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FTC Cracks Down on Free Credit Reports That Aren't Free

5 years ago
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The Federal Trade Commission announced Tuesday new disclosure rules for Web sites that advertise free credit reports but then quietly bill customers for "credit monitoring services." The new rule, crafted to enforce a law Congress passed in 2009, requires sites like to display a large yellow banner on their home pages directing consumers to a site where they can obtain an annual free credit report -- with no strings attached.

Though the trade commission has often regulated deceptive advertising on television and product packaging, the credit report disclosure rule marks the first time Congress has directly regulated advertising on the Internet. It is the result of bipartisan legislation overwhelmingly passed by both houses and signed by President Obama last year.

The Credit CARD Act also requires a disclosure message to appear in both the visual and audio portions of advertisements in other media, which means the singing pirates, singing bikers, and singing rockers on TV will have to add a few more lines to their ditties about the dangers of credit ignorance.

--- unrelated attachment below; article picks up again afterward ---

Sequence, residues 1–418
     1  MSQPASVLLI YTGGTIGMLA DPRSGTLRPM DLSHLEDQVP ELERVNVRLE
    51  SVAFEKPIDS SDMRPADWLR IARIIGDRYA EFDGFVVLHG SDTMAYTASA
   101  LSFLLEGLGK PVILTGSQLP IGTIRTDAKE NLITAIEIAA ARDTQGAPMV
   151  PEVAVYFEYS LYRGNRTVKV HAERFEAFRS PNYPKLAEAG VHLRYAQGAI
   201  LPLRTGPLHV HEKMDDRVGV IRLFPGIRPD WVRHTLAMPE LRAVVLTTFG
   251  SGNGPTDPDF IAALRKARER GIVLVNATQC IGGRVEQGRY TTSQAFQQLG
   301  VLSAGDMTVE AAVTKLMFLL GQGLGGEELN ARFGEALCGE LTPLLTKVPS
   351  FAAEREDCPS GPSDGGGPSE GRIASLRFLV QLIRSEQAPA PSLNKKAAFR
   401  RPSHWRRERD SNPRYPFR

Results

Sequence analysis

A 2003 amendment to the Fair Credit Reporting Act required all three national credit reporting agencies, Experian, Equifax, and TransUnion, to provide consumers one copy of their credit report per year. The three companies set up a jointly operated site -- -- to comply with the law. But all three also operate independent sites that require users to hand over their credit card information and agree to a monthly service charge before giving them their bill-paying history., for example, owned by Experian, asks users for their Social Security number and credit card information to process their credit report. Tiny gray text on the right side of the screen explains that, in addition to requesting a credit report, you are signing up for a "free 7-day trial" of Experian's credit monitoring service. If you do not call and cancel the service within the 7-day period, you receive a $14.95 monthly charge on your credit card. will be allowed to continue operating in its current form, but the required disclosure message will inform users that they are not on the site for their federally mandated annual credit report and provide a link to the correct site.

In more than 1,000 responses the commission received in response to a proposal for the rule, individual consumers, particularly those who had unwittingly paid various sums for unwanted services, overwhelmingly supported the regulation. Some citizens even recommended that the word "free" be banned from credit report advertisements. The Senate Permanent Subcommittee on Investigations, chaired by Sen. Carl Levin co-sponsor of the 2009 legislation, worked on the rule released by the FTC on Tuesday.
Filed Under: PD Investigations

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